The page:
University of Malaya’s Älarippu,” a traditional Invocation dance in the classical Bharat Natyam style, was executed exquisitely. “Sync” was a hybrid of contemporary dance and classical Indian.
Jack Kek’s “Safety in Numbers” engaged the audience with its compositional humor and unaffectedness. The audience was intrigued by a girl laughing at the beginning and end of the dance. Between the laughter, the dance quirkily unfolded with prances, aghast facial expressions and Thai kickboxing. Kek’s playful movements were motivated by the rhythmic pulses of the keyboard and vocal innovations of its composer, Meredith Monk.
Then there were the hometown pieces. Rodrigazo’s “Pamatdan,” depicted Negrenese hacienda workers cleaning the sugarcanes and sending them off on the train. Rodrigazo explored the dynamic possibilities of the movements of the farm hands, delivering upbeat maneuvers. He showed immense creativity, producing motley of variations from a single idea.
His ward, Mitchao, presented her winning “La Elle S’en Va,” a duet on exploring femininity. The movements were evocative of the different phases of womanhood. However, the dancers’ spoken parts were inaudible that the audience failed to see the connection between what the words and the movements.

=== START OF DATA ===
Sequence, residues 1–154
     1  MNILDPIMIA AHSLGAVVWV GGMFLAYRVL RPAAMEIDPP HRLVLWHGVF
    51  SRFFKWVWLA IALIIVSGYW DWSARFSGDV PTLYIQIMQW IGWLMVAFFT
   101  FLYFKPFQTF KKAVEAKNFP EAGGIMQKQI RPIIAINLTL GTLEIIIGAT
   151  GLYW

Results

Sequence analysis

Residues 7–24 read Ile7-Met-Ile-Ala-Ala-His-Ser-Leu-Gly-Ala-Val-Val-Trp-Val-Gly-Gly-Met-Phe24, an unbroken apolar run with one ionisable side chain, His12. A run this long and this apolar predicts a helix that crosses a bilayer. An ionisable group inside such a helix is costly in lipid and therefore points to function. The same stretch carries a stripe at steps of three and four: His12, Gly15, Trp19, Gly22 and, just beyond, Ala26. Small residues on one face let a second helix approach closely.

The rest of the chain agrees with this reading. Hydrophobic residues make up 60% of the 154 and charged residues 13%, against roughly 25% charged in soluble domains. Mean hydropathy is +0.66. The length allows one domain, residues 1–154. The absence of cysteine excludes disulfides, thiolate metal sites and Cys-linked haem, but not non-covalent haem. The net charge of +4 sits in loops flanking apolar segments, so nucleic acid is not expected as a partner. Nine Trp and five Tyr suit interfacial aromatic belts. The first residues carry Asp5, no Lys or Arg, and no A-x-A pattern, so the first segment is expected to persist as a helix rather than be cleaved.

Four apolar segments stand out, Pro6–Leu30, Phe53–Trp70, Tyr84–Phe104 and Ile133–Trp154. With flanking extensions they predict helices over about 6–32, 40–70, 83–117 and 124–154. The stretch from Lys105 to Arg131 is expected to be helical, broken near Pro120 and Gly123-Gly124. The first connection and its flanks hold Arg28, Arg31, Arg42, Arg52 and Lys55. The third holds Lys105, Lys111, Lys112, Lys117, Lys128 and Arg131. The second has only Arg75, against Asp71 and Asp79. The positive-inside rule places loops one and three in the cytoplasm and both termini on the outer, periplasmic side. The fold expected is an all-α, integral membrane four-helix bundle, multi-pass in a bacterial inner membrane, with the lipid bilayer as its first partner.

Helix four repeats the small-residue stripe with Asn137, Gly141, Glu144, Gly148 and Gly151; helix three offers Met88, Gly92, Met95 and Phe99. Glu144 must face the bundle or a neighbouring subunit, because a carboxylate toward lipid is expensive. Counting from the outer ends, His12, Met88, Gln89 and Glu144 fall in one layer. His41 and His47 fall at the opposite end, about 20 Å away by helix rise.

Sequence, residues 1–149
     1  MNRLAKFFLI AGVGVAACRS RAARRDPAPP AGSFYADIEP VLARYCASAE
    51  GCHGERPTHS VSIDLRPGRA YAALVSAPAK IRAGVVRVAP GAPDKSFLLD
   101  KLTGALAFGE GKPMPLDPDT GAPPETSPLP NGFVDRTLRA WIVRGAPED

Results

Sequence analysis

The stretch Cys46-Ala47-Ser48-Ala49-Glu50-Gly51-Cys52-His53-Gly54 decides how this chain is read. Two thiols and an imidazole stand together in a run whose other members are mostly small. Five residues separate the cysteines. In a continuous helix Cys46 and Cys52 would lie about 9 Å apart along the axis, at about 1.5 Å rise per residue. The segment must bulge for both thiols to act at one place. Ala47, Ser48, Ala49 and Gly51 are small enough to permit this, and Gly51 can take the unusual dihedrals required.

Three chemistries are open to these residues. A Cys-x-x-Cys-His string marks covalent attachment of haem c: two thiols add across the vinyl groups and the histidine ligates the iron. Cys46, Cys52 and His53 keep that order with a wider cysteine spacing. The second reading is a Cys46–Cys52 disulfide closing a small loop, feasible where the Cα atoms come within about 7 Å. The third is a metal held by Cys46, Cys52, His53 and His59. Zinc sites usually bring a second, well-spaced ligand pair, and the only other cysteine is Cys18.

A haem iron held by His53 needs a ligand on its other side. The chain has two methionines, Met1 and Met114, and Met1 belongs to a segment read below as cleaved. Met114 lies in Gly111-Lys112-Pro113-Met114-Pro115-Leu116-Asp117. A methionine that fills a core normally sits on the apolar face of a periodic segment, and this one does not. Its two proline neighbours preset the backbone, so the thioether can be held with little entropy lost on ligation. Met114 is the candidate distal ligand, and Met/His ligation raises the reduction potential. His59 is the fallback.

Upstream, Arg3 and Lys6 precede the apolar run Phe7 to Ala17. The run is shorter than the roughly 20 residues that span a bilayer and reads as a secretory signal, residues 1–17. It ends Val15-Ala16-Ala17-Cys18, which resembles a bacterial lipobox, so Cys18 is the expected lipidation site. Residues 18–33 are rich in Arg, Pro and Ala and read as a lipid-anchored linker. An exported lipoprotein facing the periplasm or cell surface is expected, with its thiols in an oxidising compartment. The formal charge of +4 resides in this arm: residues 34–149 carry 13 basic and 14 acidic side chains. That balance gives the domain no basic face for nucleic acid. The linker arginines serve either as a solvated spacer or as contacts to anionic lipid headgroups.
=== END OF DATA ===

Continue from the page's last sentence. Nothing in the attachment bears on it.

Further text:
A main drawback of the festival was the lack of program notes that explained the choreographers’ work. We were given a sequence guide which didn’t say which was a collaboration between the EC Project and the dance schools or who were the guest performers. When the souvenir programs arrived the next day, the notes were still ambiguous. The audience needed to be better informed to appreciate the works.
Nonetheless, the choreographers commended Rodrigazo’s effort.
“There are many good dancers who don’t have enough opportunities to perform. In Manila, you see the same choreographers so you get intimidated. We don’t have the right connections to join these festivals. Dwight made it easier for us in this C-map program,” said Johanna Mangubat of Cebu Center for Dance.
Rean Tirol of Acts Manila added that the dance scene in Manila is confined. “This event opens up the ecosystem where you get fresh ideas. The C-map makes learning choreography affordable and accessible to everyone.”